GUEST REVIEW BY ROB BENTON.
This season I have been skiing two set of skis from OGSO Mountain Essentials – the Schwarztor and the Danaides.
OGSO is a fairly new ski brand that was established in 2015 by Tom Seindensticker – a mountaineer/ski mountaineer who has a few 8000m peaks in his pack. Tom’s goal was to make skis that he wanted to ski in the backcounty whether touring or mountaineering. The skis are shaped by Stéphane Radiguet of Zag skis fame.
OGSO has an interesting option for choosing skis which almost feels custom although it’s straight off the rail.
What I mean by that is that they essentially make four models of skis, a full rocker in an ultra-light (UL) and medium light (ML) and a more traditional neoteric camber in an ultra-light (UL) and medium light (ML).
Once you have your shape and weight you pick the width.
This is where the skis are split into named ranges, so for example the Schwarztor 100 is in the UL super rocker range. It starts at 100 underfoot for the 162cm length and goes up to 108 underfoot for the 194cm length.
Then you move on to the Corbet’s 110 UL super rocker range which starts at 110 underfoot for the smallest ski and so on. This gives you a lot of options for your skis.
If you want to get into the tech, then get yourself over to the OGSO website which has heaps of info on all the different materials and how and where they are used for those that want to geek out.
I have been skiing the 186cm length mounted with Fritschi Vipec Evo bindings
Weight – 1575 g
20m turn radius
Price 700 Euros
1575 g is very light for this size of ski which makes it great for touring even on big days when you’re looking for something 100mm underfoot.
Some examples to compare:
1555 g – DPS Pagoda Tour 106 @ 184
1610g – Scott Superguide Freetour 105 @ 185
1642 g – Atomic Backland 107 @ 182
1641 g – Blizzard Zero G 105 @ 188
1720g – Faction Agent 3.0 @ 180
1830g – Elan Ripstick 106 @ 181
These skis have quite a soft flex at the tip and tail and then have cross sections of carbon in the middle to give it stiffness under the foot.
I really like the flex it makes for an easier ride but firm enough so that it doesn’t flap around on harder snow.
Overall I would say the Schwarztor has a medium – soft flex.
HOW DO THEY SKI?
If I had to describe the Schwarztor in one word it would be easy. Right from the offset they are easy to ski.
They have a really big sweet spot so you can get forward and aggressive or stand in a more upright and relaxed position. At the end of the day when you’re tired and find yourself dropping in to the back seat they don’t punish you.
This is because the flex and shape make turning easy on both long and short turns.
They are also pretty forgiving which makes them great fun on powder and softer snow.
The Schwarztor also performs well on harder pack and in chopped up snow as the rockered tips lift up on top and still hold a turn well at most speeds.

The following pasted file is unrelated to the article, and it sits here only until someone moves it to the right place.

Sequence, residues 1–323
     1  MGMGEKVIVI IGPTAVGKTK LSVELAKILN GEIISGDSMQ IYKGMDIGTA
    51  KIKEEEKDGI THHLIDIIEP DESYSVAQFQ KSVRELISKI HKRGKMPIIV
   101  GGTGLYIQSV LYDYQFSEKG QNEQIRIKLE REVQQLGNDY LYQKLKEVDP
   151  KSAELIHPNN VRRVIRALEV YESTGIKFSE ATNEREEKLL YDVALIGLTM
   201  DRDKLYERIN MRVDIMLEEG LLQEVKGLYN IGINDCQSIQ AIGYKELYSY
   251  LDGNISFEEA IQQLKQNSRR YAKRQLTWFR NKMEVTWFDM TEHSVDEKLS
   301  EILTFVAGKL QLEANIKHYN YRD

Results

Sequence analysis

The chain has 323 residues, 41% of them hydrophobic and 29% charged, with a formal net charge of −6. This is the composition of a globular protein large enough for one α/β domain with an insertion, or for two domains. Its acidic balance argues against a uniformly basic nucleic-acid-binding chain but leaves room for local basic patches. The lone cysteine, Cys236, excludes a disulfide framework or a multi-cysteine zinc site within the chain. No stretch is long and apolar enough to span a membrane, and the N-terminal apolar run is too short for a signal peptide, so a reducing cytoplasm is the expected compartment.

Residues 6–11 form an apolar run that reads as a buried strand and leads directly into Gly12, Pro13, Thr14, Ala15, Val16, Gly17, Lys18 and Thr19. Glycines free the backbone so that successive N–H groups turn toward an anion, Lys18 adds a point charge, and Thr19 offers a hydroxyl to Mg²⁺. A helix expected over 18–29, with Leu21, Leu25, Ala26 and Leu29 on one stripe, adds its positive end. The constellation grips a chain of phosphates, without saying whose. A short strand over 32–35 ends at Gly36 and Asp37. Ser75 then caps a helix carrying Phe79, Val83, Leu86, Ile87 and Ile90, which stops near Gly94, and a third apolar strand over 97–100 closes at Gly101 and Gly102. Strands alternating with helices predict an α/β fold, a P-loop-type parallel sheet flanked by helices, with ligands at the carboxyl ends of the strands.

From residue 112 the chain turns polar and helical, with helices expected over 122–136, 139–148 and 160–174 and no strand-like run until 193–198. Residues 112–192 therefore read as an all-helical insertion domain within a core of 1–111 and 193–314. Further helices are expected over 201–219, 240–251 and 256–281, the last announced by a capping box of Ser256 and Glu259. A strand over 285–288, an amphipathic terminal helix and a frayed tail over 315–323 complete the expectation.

Considering the rockered shape which obviously gives less contact to the snow and the softer flex there could be issues with grip when charging really aggressively on hard snow or on steeper icy lines.
If that’s your thing then maybe a more traditional camber would be better?
Having said that I personally haven’t encountered any issues with grip – these ski as hard as I do and I wouldn’t hesitate to take them out on steep lines.
I really like the Schwarztor and can see it being my go to ski for nearly everything.
Normally I wouldn’t look to ski something over 100 underfoot but the Schwarztor skis like a narrow ski and is so easy and fun to ski that it’s just a blast to throw around.
I have been skiing the 184cm length mounted with Fritschi Xenic bindings.
Weight – 2 kg
20m turn radius
Price 600 Euros
Weighing in at 2 kg per ski the Danaides is more of a freeride ski – still suitable for touring but probably more for short skins from a lift than back to back days of 1400m+ (unless you have legs of steel!)
Some examples to compare:
1900g – Dynastar M-Pro 99 @ 178
2000g – Faction Dictator 2.0 96 @ 187
2000g – Rossignol Black Ops Holyshred 98 @ 182
2015g – Nordica Enforcer 94 @ 179
This is a stiff ski that wants to be skied hard and demands your attention.
HOW DO THEY SKI?
I found the Danaides to be more of an assertive ski.
You need to be a bit more proactive and look to drive these skis all of the time.
In return for driving them you get really good grip – at speed they feel like they are on a rail with the grip and you can just let rip.
As they have a bit more weight behind them the Danaides smash through any hard chopped up snow and keep you on your line without being pushed around.
They work well in soft snow too – the shape and size allows for good float.
The Danaides are more suited to longer turns than short radius turns but with a bit of drive they can be thrown around well in most turns.
These skis are good for someone who’s has a more assertive/aggressive style and looking for a stiffer ski.
The Danaides would make a good resort based freeride ski with short ascents from the lift, where the weight isn’t a problem and can in some situations be an advantage.
Overall I preferred the Schwarztor, but that’s because it suits my style of skiing rather than any issue with the Danaides.
Because of the way OGSO have set up their range there should be something for everyone.
I am hoping to try Thor next – the UL version of the Danaides – as it may offer a middle ground between the Schwarztor and Danaides.
For more information on OGSO visit the website:
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MORE FREERIDE AND BACKCOUNTRY:
2021 GEAR GUIDE – EDITOR’S CHOICE FREERIDE SKIS
2021 GEAR GUIDE – EDITORS’ CHOICE BACKCOUNTRY SKIS
2021 GEAR GUIDE – SPLITBOARDS